On Tuesday the Michigan Legislature gave their approval to bills that would ban
Spice, Bath Salts and other synthetic drugs. These bills would also give
the Department of Community Health the ability to declare health dangers when
other synthetic drugs become available. The bills are awaiting Governor
Snyder's signature and will take effect immediately.
For those that are not familiar with it
is labeled as a herbal blend,
marketed for home incense, but it is being used for much different purposes and
could have potentially dangerous effects. K2
sometimes marketed as synthetic marijuana, the effects can be 10 times more intense than those from marijuana. The dried
herbs come in 3-gram packages of various flavors, including "Blonde,"
"Pink," "Citron" and " ." Summit
K2 samples test positive for synthetic cannabinoids JWH-018 and JWH-073, developed in the mid-1990s by
conducting lab experiments on mice to test the compounds' effects on the brain. Clemson
Bath Salts are a synthetic powder that is sold online and in drug paraphernalia stores under a variety of names, such as "Ivory Wave," "Purple Wave," "Red Dove," "Blue Silk," "Zoom," "Bloom," "Cloud Nine," "Ocean Snow," "Lunar Wave," "Vanilla Sky," "White Lightning," "Scarface," and "Hurricane Charlie." They contain various amphetamine-like chemicals, such as ethylenedioxypyrovalerone (MPDV), mephedrone and pyrovalerone. These drugs are typically administered orally, by inhalation, or by injection, with the worst outcomes apparently associated with snorting or intravenous administration. .These chemicals act in the brain like stimulant drugs (indeed they are sometimes touted as cocaine substitutes); thus they present a high abuse and addiction liability.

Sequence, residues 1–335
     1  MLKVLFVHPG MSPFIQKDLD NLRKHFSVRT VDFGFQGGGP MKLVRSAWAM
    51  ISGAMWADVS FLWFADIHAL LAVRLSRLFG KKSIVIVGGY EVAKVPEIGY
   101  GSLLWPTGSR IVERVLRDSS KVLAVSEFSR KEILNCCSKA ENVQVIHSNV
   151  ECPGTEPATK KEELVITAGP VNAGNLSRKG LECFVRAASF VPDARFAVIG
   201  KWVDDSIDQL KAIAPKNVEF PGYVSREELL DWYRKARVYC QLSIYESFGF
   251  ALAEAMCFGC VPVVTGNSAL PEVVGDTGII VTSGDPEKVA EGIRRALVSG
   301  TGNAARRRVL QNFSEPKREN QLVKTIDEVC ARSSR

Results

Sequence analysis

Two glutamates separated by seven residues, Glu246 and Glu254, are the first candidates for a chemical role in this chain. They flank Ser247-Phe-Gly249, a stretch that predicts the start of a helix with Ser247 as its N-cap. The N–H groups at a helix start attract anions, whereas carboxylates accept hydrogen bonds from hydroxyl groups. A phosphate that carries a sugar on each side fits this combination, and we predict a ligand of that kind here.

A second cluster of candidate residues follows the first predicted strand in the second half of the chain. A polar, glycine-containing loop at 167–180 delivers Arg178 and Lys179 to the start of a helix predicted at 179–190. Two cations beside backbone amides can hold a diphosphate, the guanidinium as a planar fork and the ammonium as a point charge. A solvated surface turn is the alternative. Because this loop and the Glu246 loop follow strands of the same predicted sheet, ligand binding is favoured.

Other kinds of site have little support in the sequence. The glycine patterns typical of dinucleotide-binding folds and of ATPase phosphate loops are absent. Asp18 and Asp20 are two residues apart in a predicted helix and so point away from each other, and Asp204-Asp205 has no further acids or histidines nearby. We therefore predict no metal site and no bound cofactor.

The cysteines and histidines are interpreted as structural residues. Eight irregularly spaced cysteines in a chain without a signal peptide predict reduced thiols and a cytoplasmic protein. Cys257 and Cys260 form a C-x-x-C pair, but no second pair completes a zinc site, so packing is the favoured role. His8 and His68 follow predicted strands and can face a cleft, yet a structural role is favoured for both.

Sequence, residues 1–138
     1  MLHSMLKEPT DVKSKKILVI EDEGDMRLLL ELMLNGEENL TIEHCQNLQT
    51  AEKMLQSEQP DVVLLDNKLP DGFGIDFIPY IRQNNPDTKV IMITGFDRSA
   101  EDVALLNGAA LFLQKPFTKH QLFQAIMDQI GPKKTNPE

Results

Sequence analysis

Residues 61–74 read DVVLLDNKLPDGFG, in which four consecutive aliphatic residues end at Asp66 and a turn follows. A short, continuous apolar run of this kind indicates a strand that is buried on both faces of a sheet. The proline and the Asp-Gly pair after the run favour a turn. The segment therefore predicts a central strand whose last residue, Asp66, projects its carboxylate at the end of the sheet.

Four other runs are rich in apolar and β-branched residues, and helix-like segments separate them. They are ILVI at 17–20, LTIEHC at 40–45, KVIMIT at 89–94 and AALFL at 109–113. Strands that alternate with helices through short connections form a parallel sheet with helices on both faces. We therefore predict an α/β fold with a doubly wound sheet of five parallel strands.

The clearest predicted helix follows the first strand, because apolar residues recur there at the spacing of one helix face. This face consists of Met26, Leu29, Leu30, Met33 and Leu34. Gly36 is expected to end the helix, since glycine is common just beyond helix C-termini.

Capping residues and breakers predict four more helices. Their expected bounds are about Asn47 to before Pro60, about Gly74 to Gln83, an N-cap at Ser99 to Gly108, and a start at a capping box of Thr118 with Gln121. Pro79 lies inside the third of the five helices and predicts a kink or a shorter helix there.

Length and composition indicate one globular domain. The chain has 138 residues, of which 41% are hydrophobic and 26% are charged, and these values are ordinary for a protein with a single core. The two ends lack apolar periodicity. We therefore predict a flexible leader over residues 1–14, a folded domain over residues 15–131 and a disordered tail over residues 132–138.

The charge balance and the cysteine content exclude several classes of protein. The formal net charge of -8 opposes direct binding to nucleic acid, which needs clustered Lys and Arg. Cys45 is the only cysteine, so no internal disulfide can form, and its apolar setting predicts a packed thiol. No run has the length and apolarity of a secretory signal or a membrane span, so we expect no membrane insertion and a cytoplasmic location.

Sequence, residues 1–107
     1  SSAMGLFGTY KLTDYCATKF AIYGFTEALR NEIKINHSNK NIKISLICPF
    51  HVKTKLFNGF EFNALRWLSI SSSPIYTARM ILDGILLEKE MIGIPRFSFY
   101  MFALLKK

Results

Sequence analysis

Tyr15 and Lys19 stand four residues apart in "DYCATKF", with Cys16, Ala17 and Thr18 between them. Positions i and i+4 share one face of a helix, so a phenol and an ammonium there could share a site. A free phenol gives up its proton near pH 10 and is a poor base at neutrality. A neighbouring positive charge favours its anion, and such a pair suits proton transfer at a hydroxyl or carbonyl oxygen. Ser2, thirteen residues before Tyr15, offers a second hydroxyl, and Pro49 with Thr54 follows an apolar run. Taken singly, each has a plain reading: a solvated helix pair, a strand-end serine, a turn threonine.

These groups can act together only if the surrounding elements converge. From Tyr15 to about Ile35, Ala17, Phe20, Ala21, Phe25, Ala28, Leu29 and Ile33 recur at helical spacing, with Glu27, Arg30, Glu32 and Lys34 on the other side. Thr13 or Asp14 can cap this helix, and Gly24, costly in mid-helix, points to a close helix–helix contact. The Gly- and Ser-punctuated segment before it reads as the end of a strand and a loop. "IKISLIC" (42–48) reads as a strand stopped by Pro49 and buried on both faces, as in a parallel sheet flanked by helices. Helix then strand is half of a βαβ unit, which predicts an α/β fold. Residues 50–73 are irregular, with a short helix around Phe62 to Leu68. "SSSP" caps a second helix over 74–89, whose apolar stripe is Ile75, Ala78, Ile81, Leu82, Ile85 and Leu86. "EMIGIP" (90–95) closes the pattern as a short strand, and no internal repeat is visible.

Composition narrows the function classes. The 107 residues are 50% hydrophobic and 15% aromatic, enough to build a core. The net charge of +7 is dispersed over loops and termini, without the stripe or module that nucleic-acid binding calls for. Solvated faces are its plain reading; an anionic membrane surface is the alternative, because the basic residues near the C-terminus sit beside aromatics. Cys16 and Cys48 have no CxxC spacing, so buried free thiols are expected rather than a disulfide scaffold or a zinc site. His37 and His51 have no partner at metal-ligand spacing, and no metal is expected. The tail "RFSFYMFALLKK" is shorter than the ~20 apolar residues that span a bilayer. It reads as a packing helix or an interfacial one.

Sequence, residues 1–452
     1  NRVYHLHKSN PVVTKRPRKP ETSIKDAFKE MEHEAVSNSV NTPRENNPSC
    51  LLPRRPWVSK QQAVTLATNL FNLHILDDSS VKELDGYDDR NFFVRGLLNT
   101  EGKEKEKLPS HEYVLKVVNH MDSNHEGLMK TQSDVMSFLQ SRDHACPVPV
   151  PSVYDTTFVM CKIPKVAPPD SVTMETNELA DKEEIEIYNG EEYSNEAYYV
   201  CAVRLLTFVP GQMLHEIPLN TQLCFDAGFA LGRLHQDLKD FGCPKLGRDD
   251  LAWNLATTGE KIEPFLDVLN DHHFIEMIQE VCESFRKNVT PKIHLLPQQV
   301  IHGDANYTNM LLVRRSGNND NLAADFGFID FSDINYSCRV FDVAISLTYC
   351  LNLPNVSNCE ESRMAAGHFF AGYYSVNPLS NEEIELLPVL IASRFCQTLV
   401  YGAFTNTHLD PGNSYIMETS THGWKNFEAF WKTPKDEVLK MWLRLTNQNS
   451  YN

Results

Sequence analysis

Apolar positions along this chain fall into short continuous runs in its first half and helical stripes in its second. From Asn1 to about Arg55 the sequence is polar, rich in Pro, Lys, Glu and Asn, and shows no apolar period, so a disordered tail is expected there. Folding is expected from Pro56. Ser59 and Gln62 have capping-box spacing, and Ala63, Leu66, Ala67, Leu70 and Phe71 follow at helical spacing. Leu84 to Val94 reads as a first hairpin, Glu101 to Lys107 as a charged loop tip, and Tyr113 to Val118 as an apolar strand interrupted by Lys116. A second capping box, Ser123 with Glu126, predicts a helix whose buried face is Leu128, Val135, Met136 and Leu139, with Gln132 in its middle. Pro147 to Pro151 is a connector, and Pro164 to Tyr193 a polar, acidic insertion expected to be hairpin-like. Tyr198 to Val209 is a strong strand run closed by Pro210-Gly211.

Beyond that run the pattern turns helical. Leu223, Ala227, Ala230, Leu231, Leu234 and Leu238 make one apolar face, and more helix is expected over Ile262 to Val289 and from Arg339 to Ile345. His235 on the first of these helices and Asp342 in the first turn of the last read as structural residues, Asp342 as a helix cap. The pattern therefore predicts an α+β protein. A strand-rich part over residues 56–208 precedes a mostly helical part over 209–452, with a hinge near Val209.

Doctors and clinicians at
poison centers have indicated
that ingesting or snorting "bath salts" containing synthetic
stimulants can cause chest pains, increased blood pressure, increased heart
rate, agitation, hallucinations, extreme paranoia, and delusions. U.S.